Kenya Union of Savings & Credit Co-operatives Ltd (KUSCCO) has presented their memoranda on tax matters affecting Saccos in Kenya where they have said that there will be implications under the current tax law provisions.
Saccos with corporate members would lose the tax benefit of exemption. Interest income from members and 50% for the interest arising from other investments including deposits in financial institutions and investment in bonds.
The ITA ignores the distinct characteristic of SACCOS as spelt in both the Co-operatives Societies Act and the SACCO Societies Act. Sacco business is defined in the SACCO Societies Act. Section 16 of the Co-operatives Societies Act allows all co-operative societies to have membership of companies incorporated in Kenya and unincorporated body of persons upon receiving approval through a resolution by a general meeting.
KUSCCO has proposed that to ensure the tax policies align with business practice amendment of Section 19A (3) by deleting the phrase other than a designated primary society which is registered and carries on business as a credit and savings Co- operative Society to which provisions of subsection (4) apply. Section 19A (4) should be amended by replacing the phrase.’ designated primary society” with Co-operative society”. Section 19A (7) amend the definition of primary society to mean a co-operative society registered under the Co-operative Societies’ Act the membership of which includes both natural (individual) and artificial persons.
This will Increase the membership of Co- operatives thus increase the amount of tax collected through other tax head stake excise duty and withholding tax. Reduce controversies brought about by the definition of “primary society “- restrictions of membership to natural persons.
KUSCCO feels that there will be implications in payment of higher tax arising from taxation of fees and charges related to the loans. In some instances, it is construed that only interest on loans is exempt thereby ignoring other loan related charges.
They proposed that the bill Introduce a provision under Sec 19A (4) to the effect that interest from members include any charges payable in respect of a loan, deposit, debt, claim or other right or obligation including charges on account maintenance and other financial transactions. The impact will be pro decant.
KUSCCO noted that there are no clear guidelines on how the expensed amounts should be allocated to the various streams of income.
Income earned by Co-operatives registered and carrying out business of credit and savings is taxed depending on its nature. Interest from members is exempt from tax whereas only 50% of other interest income is taxable. Based on the provisions under section 15 of the ITA, such income should be matched with expenses incurred in their generation.
Since the law is not clear, the taxpayer is at liberty to choose the apportionment basis that suites his/her business circumstances which is justifiable. We note that Commissioner challenging the apportionment method applied by taxpayers.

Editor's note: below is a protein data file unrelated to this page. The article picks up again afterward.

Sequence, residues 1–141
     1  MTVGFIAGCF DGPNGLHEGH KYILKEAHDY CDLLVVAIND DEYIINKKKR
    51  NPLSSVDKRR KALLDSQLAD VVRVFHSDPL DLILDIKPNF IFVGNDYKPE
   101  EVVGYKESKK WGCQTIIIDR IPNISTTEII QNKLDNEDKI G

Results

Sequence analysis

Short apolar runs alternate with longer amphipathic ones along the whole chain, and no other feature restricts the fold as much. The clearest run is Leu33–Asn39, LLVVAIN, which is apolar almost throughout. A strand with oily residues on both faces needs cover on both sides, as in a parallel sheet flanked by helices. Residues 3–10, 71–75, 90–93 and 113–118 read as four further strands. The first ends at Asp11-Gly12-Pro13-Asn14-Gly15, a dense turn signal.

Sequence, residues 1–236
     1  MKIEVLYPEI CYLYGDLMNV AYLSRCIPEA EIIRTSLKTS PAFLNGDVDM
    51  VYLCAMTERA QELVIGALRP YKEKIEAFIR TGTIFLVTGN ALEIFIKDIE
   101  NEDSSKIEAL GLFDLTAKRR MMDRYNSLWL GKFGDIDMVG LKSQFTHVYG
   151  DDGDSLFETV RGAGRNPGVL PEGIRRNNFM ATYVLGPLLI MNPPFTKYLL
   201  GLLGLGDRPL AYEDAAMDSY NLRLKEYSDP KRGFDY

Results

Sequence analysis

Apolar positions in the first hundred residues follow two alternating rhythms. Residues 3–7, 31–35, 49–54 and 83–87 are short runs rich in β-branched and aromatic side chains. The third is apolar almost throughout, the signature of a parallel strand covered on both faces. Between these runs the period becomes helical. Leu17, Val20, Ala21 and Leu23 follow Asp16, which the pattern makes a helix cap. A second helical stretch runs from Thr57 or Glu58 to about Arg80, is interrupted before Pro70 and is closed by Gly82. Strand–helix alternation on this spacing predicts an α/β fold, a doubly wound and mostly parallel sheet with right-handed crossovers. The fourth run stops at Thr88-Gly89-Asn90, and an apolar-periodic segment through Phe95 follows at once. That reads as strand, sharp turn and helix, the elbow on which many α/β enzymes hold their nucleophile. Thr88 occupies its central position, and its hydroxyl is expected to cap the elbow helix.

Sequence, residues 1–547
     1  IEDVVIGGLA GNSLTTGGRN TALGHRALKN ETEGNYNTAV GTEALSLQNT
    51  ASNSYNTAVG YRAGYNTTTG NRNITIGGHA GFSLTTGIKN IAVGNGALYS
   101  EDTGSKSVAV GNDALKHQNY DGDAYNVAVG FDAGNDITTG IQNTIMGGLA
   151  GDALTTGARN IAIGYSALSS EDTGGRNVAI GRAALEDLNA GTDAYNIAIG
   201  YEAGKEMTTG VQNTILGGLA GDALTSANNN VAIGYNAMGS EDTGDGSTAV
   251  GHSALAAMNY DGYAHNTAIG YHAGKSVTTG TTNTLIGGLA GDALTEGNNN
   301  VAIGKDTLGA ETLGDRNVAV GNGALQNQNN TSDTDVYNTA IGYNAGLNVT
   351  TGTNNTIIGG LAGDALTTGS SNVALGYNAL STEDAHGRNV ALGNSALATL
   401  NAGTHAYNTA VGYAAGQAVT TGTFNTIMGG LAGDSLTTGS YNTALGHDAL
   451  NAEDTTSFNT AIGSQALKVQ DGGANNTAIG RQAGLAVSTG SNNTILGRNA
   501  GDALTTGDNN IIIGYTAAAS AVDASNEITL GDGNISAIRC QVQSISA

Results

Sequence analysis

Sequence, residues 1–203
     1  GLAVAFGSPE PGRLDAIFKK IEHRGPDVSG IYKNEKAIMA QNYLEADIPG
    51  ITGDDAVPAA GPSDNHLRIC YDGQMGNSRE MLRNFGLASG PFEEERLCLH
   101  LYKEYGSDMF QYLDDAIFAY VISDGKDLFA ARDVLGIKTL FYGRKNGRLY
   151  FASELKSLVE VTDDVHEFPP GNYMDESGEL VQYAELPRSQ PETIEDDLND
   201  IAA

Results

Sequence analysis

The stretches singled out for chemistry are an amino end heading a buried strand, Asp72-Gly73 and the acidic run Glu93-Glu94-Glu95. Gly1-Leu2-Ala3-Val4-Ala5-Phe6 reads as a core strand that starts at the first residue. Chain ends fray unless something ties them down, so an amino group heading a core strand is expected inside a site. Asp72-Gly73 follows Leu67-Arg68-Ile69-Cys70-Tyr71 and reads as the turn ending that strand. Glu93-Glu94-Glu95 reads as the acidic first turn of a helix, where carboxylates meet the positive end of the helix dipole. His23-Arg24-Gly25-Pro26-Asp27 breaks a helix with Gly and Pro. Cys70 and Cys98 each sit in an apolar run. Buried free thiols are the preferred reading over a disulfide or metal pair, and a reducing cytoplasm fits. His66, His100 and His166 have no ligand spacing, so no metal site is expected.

KUSCCO proposed that ITA to be amended and include a section that provides the basis of apportionment of expenses. This will provide clarity on apportionment of expenses and reduce unnecessary controversies.
KUSCCO said that Cooperative society section 19 A gives the commissioner absolute powers in deciding how a Co-operative should be taxed. This creates room for uncertainty negating the core principles of taxation (Canons of taxation).
They proposed that section 19A be amended to read. This section shall apply to designated co-operative societies other than a society which has been exempted from all the provisions of the Co-operatives Societies. This will ensure that Commissioner’s discretion powers are within the provisions of the ITA and Fair Administrative Action Act.
The change in definition to read other fee in the finance bill proposal will mean that financial institutions including SACCOs are expected to charge excise duty on all fees, charges or commissions which are not deemed to be interest. The proposal will inevitably lead to imposition of excise duty on incomes that are not related to licensed activities such as rent charge, income on sale goods (marketing merchandise, photocopying services, and tender fees among others). The expansions of the scope of other fees is likely to impact on financial inclusion & innovation which is counterproductive to the economy
KUSCCO proposal is that deleting of clause 43(c)(ii) of the Finance Bill,2023 to retain the definition as it is currently, where excise duty is only charged on other fees relating to licensed activities. This will enhance financial inclusion and innovation through access to affordable (cheap) financial services
KUSCCO has proposed that clause 36 of the Finance BilI, 2023 be deleted to ensure taxpayer’s access to justice and just resolution of tax disputes. Enhance fairness in tax administration. To avoid an unfair administrative burden on taxpayers. Increase investors’ confidence level In the Country.
KUSCCO however noted that a taxpayer will now be required to account for VAT on compensation for loss of taxable supplies. This proposal goes against the principle of indemnity whose main motive is to the insured in the same position financially as they were before the loss. The compensation does not relate to any value addition by the insurance and in most instances the compensation is always lower than the claim submitted by the insured because the insurer will thoroughly inspect and calculate the losses based on other factors.
In addition, the compensation is not a consideration for a supply and therefore this should not be deemed to be a taxable value for VAT purposes.
KUSCCO is of the opinion that the proposal should be deleted so as to preserve the principle of insurance compensation.
By Felix Wanderi
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